Artist Rachel Barbaresi writes about her experience developing an artist residency for the University, which aimed to give University members new ways to interact with and notice their surroundings on campus. Participants were invited to join a series of ‘tree walks’ on campus, gathering ‘data’ and documenting what they saw in creative ways.
“The aim of these workshops was to carry out collective visual research in response to trees at Whiteknights and the MERL gardens with participants from across roles and disciplines at Reading University. I wanted to take an approach that allowed room for subjective responses to the experience of observing and recording the trees, and for the backgrounds, interests and personalities of the individuals involved to play a role. So although the trees were our subject, there is a sense in which this was about the potential for discovery through bringing different backgrounds, disciplines and experiences to the process of observing and recording.
There were two walks in the MERL garden and two in an area of Whiteknights campus called ‘the wilderness’, and an additional walk in the Harris gardens. I became interested in the idea of avoiding photography as a form of documentation, and focussing on other, less familiar ways to record the trees. Participants were given a bag of materials and tools which included drawing implements, a range of drawing surfaces, acrylic work surface to enable tracing, slide cases which could be used for collecting fragments of moss, leaves etc, plasticine for taking impressions, tape measures, notebooks for writing. We also took sound recording equipment. Although I made some suggestions participants were invited to use the materials as they wished and there was freedom to experiment and invent.
Participants spoke about being outside their comfort zone and feeling anxious about taking part in a creative activity, worries about not being an artist and how their drawing ability would be judged. Some also spoke of a sense of anticipation in being able to open the bag of materials and explore and experiment with the contents.
Some of the problems which came from this way of working opened up unexpected possibilities. We decided to go ahead with plans despite forecasts of heavy showers, and undeterred, the group turned up in waterproofs. During the heaviest showers, the rain took away control over our drawing materials, paper becoming wet making drawing more difficult. Participants began to embrace the rain as part of the process, pressing soggy paper into bark of tree trunks to emboss it, causing ink to disperse through shaking water drops from tree branches and using wet mud and leaves in drawings. The weather brought an energy to the process and contributed to the creativity and invention.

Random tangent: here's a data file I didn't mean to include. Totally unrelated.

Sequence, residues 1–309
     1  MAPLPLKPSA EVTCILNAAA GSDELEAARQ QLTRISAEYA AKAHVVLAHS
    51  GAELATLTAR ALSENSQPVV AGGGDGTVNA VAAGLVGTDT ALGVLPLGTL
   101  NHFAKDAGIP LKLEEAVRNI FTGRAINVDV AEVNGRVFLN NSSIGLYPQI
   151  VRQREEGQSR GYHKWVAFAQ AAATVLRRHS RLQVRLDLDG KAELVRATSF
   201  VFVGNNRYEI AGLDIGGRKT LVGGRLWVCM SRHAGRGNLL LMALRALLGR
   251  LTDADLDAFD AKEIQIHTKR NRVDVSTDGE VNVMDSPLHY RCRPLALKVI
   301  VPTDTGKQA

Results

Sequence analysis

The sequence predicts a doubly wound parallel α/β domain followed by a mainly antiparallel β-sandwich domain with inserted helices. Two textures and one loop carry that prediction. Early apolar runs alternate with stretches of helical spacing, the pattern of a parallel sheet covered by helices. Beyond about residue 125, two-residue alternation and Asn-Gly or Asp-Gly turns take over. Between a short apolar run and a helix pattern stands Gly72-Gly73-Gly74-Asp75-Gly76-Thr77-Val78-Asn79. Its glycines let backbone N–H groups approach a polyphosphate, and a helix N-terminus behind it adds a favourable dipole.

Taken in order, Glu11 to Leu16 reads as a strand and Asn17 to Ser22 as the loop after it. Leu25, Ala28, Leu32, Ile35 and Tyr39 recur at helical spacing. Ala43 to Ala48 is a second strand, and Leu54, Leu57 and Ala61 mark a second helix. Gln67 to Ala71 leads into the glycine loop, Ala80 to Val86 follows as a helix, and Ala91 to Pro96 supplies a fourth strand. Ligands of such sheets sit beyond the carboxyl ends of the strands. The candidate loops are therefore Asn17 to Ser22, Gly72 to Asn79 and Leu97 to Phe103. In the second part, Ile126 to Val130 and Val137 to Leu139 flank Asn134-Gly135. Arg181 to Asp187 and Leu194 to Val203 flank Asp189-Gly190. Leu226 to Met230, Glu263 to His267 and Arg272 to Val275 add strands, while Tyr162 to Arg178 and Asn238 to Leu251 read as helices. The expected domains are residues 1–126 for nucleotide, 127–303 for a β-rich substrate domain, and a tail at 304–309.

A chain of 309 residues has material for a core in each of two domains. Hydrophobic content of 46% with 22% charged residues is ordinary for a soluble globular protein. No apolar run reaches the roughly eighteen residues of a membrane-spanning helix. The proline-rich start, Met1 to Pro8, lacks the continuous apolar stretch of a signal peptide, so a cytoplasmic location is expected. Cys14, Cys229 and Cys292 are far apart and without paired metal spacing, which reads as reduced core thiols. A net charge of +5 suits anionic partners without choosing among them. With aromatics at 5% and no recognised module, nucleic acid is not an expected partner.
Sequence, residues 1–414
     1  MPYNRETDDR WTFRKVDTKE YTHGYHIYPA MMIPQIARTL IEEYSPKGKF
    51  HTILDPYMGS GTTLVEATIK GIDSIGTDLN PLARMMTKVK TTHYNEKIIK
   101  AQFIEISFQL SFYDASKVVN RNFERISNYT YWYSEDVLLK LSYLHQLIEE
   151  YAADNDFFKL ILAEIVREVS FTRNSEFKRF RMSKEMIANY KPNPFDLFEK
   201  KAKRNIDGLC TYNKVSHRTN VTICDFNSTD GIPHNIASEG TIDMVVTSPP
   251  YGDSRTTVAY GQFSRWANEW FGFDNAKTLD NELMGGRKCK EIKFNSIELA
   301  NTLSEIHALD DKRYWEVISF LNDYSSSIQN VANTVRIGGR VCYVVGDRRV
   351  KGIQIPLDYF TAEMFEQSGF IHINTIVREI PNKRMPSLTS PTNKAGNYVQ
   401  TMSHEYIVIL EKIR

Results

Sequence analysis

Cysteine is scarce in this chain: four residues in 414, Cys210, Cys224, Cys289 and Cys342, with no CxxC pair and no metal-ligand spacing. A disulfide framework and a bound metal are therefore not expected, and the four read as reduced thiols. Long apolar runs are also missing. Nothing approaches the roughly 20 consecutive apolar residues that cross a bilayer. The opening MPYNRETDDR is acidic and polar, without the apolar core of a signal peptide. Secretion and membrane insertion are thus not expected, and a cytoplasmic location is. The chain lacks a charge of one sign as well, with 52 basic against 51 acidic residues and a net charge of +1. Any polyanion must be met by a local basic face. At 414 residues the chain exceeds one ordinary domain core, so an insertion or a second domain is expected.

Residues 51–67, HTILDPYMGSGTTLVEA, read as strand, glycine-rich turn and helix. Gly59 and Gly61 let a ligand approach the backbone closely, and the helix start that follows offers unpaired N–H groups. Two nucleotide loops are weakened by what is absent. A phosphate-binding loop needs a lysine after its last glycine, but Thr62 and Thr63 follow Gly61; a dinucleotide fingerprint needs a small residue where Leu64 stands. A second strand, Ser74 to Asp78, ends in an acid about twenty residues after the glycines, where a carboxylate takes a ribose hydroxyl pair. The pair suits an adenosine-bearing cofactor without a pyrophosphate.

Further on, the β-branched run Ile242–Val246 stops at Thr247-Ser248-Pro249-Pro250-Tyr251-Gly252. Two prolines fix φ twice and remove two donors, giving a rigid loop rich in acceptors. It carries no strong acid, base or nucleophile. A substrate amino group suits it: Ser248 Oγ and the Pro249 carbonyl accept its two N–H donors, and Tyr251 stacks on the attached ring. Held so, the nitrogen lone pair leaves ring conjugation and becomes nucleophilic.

It was interesting to work with a group which ranged from people who have arts training to those who have very little experience with drawing. It wasn’t entirely obvious, looking back through the drawings, whether people had experience or not. And when I had conversations with people afterwards about their ideas and approaches to the activities, there were creative approaches and outcomes which were not linked to drawing skills, but to ideas and lateral thinking.
Generally participants spoke positively about the experience despite the weather! One participant commented that she found it a very mindful experience. Others enjoyed the opportunity for creativity, and valued the time spent in beautiful areas of the campus with time to experience the space rather than rushing through. There was an intensity in the experience of looking and making.
All of the drawings, plasticine impressions, notes and collections have been labelled and organised into an archive with the help of project assistant Sonya Chenery. We categorised items by the person who had created / collected them. The collections were displayed at the Cole Museum over two days, two weeks after the walks took place, and we explored different approaches to curating the outcomes. Visitors were invited to use the collection as a starting point for their own monoprints, lino-prints and tracings as a secondary way of connecting to the original experience of visually recording the trees.
Working collectively made me aware of how much I miss when looking around me and how subjective and individual our experiences are even when we are all working with the same subject matter. I became aware of certain trees, textures and shapes purely as a result of my co-researchers noticing and recording them. We have filters when experiencing the world around us, perhaps as a way of coping with the overwhelming volumes of sensory stimulation around us.
There is so much material to work with as a result of these workshops and I am beginning to think about ways of approaching the collection with an interest in how to develop the sense of archive and follow threads and relationships within the collection.